Polybutylene Pipe in
Manufactured Homes

Polybutylene is a semi-rigid plastic like material that will usually have a slight curve to it and will normally be gray in color. All Polybutylene will have a product code of PB2110 stamped onto it and will be repeated every 18” – 24”.
The pipe was first introduced in the late 1970’s and was touted as a great innovation for the new construction market. It allowed contractors to install Interior Potable Water Distribution Systems much faster and cheaper than with the more conventional systems such as Copper, Galvanized or CPVC piping. It is estimated that Polybutylene was installed in upwards of 10 million homes, apartments, and commercial structures thru the 1980’s on thru 1995, when it became the subject of a class action settlement, (Shell v. Cox, It was mainly used in the Sun Belt and Mid-Atlantic States, with some also used in the Pacific Northwest. Here on Vashon Island its has been used mainly in manufactured homes.

Polybutylene has been declared a defective product because it can prematurely and unexpectedly fail. There are 2 fundamental causes of failure of Polybutylene pipes. First; Chlorine and other oxidants are leached into the pipes which react with the Polybutylene resin causing it to become brittle. As the pipes become brittle, micro-fractures result reducing the structural integrity of the pipe, resulting in leaks. Second, the pipes could have been installed incorrectly. The ease with which Polybutylene could be installed, (didn’t even require experienced pipe fitters or plumbers), paved the way for sloppy installations where the special crimping tools weren’t calibrated regularly causing loose fittings, fitting were installed crooked, pipes were bent and kinked to go around corners, etc.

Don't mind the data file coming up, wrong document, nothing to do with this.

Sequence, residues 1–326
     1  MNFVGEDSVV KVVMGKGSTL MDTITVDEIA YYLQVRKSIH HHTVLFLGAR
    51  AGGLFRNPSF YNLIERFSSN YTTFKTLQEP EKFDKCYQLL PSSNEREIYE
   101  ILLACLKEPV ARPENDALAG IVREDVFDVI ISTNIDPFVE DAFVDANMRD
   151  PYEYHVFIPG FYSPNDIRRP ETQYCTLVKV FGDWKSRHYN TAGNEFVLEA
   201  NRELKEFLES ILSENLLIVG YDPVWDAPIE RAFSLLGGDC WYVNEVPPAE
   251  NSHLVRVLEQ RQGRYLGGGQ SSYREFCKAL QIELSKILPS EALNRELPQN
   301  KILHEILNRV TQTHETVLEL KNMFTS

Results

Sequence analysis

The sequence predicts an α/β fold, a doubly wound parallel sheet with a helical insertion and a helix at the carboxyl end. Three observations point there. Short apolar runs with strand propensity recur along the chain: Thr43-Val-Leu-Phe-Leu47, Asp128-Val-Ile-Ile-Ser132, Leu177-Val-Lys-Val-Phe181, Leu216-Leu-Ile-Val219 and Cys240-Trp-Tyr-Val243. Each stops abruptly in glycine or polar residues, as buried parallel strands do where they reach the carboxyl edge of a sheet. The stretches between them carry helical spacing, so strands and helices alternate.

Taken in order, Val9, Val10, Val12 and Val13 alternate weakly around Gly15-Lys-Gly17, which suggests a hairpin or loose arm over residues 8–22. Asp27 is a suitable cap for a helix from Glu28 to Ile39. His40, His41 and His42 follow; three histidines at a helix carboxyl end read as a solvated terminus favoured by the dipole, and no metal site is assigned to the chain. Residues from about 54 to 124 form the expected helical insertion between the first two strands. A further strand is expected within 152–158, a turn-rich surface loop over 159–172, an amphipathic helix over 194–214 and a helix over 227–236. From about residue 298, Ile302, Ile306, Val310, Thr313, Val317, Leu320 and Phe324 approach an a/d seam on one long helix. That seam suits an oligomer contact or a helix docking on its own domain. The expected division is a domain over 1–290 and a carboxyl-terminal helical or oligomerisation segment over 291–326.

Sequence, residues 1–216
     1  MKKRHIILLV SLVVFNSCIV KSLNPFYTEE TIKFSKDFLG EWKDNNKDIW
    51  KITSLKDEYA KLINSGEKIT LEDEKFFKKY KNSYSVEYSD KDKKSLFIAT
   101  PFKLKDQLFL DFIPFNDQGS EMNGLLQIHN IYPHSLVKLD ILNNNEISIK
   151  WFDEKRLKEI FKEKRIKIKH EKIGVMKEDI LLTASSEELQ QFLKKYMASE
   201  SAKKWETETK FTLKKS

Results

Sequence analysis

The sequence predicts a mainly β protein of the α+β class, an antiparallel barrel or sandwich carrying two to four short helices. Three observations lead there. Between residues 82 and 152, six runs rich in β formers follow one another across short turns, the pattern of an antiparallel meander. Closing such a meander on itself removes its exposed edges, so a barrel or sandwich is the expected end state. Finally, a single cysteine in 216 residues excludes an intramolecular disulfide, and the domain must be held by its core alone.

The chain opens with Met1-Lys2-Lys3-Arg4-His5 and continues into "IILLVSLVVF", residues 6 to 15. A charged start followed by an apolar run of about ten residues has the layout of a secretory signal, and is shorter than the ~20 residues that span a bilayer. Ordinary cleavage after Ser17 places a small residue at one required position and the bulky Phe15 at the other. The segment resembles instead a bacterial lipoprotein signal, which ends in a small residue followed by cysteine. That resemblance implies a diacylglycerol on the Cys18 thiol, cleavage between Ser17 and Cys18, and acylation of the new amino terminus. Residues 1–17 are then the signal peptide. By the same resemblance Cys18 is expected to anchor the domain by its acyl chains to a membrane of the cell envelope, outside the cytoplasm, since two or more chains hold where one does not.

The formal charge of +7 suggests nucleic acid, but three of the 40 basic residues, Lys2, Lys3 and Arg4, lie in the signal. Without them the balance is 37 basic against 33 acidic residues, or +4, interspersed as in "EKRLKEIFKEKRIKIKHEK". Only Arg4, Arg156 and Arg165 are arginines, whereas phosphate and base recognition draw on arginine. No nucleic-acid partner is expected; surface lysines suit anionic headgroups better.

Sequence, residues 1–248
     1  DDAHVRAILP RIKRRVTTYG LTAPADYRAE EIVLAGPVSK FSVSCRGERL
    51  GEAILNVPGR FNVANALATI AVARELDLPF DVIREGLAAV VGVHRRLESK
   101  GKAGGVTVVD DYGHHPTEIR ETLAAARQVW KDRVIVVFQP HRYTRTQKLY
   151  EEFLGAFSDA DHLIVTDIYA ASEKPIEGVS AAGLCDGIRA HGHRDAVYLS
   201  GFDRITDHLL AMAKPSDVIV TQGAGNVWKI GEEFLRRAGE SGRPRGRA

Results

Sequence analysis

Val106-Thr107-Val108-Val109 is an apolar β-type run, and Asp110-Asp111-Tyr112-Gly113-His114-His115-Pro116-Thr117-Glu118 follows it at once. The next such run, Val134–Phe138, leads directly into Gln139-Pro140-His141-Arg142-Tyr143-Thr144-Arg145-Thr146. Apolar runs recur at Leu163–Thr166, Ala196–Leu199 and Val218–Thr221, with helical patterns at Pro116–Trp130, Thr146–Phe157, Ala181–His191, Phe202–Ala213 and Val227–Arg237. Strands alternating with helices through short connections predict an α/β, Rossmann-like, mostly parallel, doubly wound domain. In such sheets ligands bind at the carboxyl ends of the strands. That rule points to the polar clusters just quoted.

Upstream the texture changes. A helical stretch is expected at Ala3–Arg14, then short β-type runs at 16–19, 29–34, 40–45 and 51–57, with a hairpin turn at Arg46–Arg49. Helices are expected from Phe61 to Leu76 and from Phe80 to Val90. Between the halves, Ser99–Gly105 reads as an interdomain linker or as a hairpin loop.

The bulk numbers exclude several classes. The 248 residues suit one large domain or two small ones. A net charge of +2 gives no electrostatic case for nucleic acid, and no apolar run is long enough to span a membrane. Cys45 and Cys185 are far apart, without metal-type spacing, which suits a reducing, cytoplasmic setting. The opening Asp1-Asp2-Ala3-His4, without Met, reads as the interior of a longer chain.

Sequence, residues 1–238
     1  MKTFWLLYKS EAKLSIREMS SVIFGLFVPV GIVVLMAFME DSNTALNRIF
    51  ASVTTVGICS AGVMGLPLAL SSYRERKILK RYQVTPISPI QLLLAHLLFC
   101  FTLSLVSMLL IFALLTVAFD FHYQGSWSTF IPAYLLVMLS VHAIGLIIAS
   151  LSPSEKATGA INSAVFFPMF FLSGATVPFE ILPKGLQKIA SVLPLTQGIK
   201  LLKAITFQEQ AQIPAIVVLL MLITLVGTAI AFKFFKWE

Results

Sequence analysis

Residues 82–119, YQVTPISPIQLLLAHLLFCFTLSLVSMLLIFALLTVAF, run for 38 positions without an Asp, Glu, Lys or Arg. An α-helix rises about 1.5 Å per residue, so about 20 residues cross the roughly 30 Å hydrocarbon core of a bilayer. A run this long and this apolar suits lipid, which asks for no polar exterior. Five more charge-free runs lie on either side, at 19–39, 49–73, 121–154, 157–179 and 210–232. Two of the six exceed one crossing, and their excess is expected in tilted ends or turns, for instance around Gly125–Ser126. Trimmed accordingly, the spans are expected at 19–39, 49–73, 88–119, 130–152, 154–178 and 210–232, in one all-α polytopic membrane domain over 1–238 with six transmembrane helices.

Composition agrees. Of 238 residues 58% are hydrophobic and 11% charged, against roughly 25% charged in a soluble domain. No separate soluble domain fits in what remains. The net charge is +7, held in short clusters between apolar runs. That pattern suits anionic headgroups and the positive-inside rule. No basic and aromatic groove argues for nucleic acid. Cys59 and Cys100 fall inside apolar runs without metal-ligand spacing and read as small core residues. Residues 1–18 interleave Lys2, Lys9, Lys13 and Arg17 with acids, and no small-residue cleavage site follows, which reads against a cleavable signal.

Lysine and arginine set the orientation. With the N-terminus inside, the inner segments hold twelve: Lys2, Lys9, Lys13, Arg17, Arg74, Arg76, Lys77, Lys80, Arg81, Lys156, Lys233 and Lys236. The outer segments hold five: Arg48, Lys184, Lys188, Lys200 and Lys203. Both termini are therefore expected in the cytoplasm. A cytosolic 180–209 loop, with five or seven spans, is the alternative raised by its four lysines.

You may have Polybutylene in your home and not even be aware of it. The most common way to determine whether you have Polybutylene or not is simply to look for it. In most homes you can readily see pipes such as in crawl spaces, ceilings, under kitchen sinks or at the water heater.

We can replace your piping with either copper or Uponor Aquapex tubing. Both are time tested materials and conform to UPC plumbing code. If you are concerned about rodents chewing the pipe then copper is the right choice. If not, Aquapex is a quarter the price and much faster for us to work with. Give us a call and we'll come by for an estimate.